What Does Sugar Do in Baking?
As well as the sweetness sugar has other roles in baking; it provides moistness, caramalises at high temperatures and helps cookies spread during baking to make them crisp. This makes it hard to replace sugar in baking – but you can decrease the amount of sugar by 1/3 without affecting the quality.
What is Sugar?
Refined sugar is 99% sucrose which is a simple carbohydrate. Other refined sugars include brown sugar, and raw sugars such as demerara or turbinado. All these sugars have the same nutritional value – brown sugars simply contain more molasses content.
Most artificial sweeteners provide a sweet taste but lack the browning and moisture retaining properties of sugar.
Sucralose is the one sweetener that can be substituted 1:1 for sugar in baking.
Saccharine is over 200 times sweeter than sugar and can be used in baked goods. Use 6g (6x1g packets) for each ¼ cup of sugar.
Aspartame is heat sensitive and loses its sweetening power when heated so cannot be used for cookies or cakes but may work in no-bake pies and added to puddings after removal from the heat.
However, I would strongly advise avoiding artificial sweeteners as their effect on health and the human body is very questionable.
Honey is up to 50% sweeter than sugar so you can use less honey to sweeten than sugar. Flavour and colour of honey can vary depending on the flowers visited by the bees. Goods made with honey are moist and dense but tend to brown faster than those made with granulated sugar.
Use ¾ cup plus 1 tablespoon honey in place of 1 cup sugar, and reduce the other liquid ingredients by 2 tablespoons. Unless the recipe includes sour cream or buttermilk, add a pinch of baking soda to neutralize the acidity.
Maple syrup is made from the sap of sugar maple trees and is less sweet than sugar but has a unique flavour that works very well in baked goods. Maple syrup has different grades – Grade A is lighter and more delicate, Grade B is thicker and darker and is better for baking with a stronger flavour.
Although maple syrup is only 60% as sweet as sugar, use ¾ cup for every cup of white sugar and decrease the amount of liquid by 3 tablespoons to compensate for its liquid state.
Molasses is a by-product of sugar refining. It has small amounts of B vitamins, iron and calcium. It is not as sweet as sugar and has quite a dark colour and strong flavour.
When substituting molasses for sugar, use 1 1/3 cups molasses for 1 cup sugar, and reduce the amount of liquid in the recipe by 5 tablespoons. Molasses is also more acidic than sugar; add ½ teaspoon baking soda for each cup of molasses used. Replace no more than half the sugar called for in a recipe with molasses.
This is a fructose sweetener made from the agave cactus. It has a subtle sweetness and also a lower GI impact on blood sugar. Raw, organic agave has been through the least processing and tends to have mild taste. Use 1/3 to ½ cup of agave nectar for every 1 cup of sugar in the recipe.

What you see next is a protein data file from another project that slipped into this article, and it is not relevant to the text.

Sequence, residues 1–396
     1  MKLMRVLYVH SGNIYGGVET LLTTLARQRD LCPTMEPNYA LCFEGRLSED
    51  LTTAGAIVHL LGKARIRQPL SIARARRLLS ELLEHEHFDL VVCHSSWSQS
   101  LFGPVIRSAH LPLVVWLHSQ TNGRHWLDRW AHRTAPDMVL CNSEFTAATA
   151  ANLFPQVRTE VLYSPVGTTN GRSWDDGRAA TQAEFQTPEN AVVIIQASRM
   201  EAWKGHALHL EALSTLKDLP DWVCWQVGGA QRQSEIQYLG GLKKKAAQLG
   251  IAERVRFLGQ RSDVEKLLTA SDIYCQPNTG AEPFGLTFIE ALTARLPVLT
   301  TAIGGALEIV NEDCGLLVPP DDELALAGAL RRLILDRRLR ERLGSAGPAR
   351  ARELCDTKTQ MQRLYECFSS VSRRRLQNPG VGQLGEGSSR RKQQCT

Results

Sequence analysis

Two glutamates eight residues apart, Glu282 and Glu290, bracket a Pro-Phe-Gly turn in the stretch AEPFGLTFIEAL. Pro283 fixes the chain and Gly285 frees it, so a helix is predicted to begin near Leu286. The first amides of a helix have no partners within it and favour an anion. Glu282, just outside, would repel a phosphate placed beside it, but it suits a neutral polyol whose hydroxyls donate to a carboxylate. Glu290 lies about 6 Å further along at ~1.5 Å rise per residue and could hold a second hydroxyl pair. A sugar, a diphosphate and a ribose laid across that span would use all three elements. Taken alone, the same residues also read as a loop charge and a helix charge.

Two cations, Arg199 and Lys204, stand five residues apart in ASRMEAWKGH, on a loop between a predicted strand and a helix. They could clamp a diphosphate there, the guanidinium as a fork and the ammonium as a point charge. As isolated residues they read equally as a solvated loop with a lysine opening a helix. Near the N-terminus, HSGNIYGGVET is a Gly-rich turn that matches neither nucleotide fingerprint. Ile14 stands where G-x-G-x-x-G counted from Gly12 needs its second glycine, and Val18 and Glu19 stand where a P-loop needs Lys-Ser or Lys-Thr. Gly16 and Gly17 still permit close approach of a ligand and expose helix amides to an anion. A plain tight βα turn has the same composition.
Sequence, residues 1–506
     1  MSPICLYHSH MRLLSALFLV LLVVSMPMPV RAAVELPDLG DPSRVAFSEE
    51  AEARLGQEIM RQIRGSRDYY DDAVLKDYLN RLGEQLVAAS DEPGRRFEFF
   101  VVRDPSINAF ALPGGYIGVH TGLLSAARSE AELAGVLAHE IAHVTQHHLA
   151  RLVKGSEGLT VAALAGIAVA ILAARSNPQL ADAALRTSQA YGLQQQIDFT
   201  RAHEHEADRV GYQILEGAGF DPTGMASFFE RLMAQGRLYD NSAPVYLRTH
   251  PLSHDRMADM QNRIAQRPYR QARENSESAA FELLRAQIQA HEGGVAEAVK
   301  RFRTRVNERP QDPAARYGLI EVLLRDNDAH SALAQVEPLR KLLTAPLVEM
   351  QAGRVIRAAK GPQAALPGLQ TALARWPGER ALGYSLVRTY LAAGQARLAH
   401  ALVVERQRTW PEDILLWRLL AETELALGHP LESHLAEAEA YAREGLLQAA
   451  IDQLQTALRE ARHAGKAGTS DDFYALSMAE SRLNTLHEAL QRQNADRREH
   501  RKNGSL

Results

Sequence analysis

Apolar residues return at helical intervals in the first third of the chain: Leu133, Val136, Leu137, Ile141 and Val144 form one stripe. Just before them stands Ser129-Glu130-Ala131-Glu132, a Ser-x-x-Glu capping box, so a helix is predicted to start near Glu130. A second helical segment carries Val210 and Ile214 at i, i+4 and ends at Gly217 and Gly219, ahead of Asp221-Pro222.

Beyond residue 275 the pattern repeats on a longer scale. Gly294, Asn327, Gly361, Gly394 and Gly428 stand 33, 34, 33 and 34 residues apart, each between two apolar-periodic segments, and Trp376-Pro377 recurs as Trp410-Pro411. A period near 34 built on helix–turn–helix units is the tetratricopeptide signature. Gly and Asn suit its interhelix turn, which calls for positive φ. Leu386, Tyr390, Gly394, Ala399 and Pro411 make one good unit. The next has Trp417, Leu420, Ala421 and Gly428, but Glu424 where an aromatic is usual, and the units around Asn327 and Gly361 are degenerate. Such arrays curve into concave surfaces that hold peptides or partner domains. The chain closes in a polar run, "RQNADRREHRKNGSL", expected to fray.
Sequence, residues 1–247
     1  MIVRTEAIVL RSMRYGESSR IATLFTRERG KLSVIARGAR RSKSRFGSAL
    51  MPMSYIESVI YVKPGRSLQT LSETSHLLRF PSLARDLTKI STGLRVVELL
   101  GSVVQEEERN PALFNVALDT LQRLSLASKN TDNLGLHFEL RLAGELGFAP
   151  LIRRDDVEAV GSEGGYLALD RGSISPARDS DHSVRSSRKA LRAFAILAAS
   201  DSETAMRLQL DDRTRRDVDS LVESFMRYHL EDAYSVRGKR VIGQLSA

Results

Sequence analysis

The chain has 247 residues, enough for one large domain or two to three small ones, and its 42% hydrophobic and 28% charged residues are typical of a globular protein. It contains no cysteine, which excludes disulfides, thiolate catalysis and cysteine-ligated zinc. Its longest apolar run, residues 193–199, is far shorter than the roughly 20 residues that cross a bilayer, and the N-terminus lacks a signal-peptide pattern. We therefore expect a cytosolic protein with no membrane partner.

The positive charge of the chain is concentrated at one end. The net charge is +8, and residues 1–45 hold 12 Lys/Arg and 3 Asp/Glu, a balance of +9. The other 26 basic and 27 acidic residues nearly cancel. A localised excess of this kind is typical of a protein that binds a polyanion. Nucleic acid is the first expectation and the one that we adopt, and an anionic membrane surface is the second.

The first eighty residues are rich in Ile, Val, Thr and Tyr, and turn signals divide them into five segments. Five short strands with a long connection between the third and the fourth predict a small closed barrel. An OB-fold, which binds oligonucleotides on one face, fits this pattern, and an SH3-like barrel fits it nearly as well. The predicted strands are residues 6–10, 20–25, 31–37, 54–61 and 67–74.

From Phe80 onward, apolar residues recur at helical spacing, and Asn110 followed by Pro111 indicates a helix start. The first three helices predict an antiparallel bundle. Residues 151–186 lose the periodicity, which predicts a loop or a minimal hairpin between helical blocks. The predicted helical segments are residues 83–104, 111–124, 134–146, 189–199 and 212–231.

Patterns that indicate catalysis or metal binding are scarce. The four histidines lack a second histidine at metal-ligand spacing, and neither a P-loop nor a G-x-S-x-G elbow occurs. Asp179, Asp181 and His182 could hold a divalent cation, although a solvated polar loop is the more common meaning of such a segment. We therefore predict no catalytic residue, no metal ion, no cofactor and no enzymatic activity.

Refined fructose is sweeter than granulated sugar. It can be easily substituted in baking recipes – simply add one-third less. Fructose attracts more water than sucrose, so fructose-sweetened products tend to be moist. Baked products made with fructose will be darker than if they were made with white sugar. Fructose is available in health-food stores.
Brown rice malt syrup
This consists of maltose, glucose and complex carbohydrates. It is an amber-hued syrup resembling honey, but it is not as sweet as honey. It can be substituted cup per cup for granulated sugar, but the liquid ingredients should be reduced by ¼ cup per cup of rice syrup. Enzyme-treated syrup, as opposed to malted syrup, will tend to liquefy the batter of a baked product. Use the malted syrup for best results.
Fruit juice concentrates
Such as apple juice concentrate, orange juice concentrate, or white grape juice concentrate, are wonderful substitutes for sugar and add interesting flavours as well. Juice concentrates are made up of fructose and glucose. Use ¾ cup for every cup of white sugar, and decrease the amount of liquid by 3 tablespoons.
Stevia is a naturally sweet, zero calorie herb that has been used for hundreds of years. It comes in powder or liquid form. A tiny amount goes a long way. Since neither the herb nor its powdered form has been approved as a food additive by the FDA, it is available only as a dietary supplement.
Maple Sugar and Date Sugar
These natural alternatives have a granular sugar-like texture that works well in certain cakes and cookies although the finished product may be denser. Substitute on a 1:1 ratio.
Coconut Sugar and Palm Sugar
This sweetener is made from the sap of coconut flower buds and contains vitamins and minerals. Substitute on a 1:1 ratio.
Sorghum molasses is made from the gluten free cereal sorghum and contains iron and other minerals. It has quite a strong flavour.
Raisins pulsed to crumbs in a processor can be used as the main sweetener in drop cookies and cookie bars. They are quite subtle and you could try a combination of processed raisins and coconut in place of sugar or add a touch of honey, agave or molasses to help bind the dough and boost sweetness.
Puréed ripe bananas are very sweet and also add moistness. You may need to experiment with the recipe and adjust other liquid ingredients to account for the extra liquid of the banana. Other fruit options could include applesauce, sugar free jams and white grape juice
Xylitol is as sweet as table sugar but has 40% less calories and 75% less carbohydrates. It is often chosen by diabetics as it is very slowly absorbed and has less effect on insulin. It can be used in baking as heat does not affect it and it is substituted on a 1:1 ratio.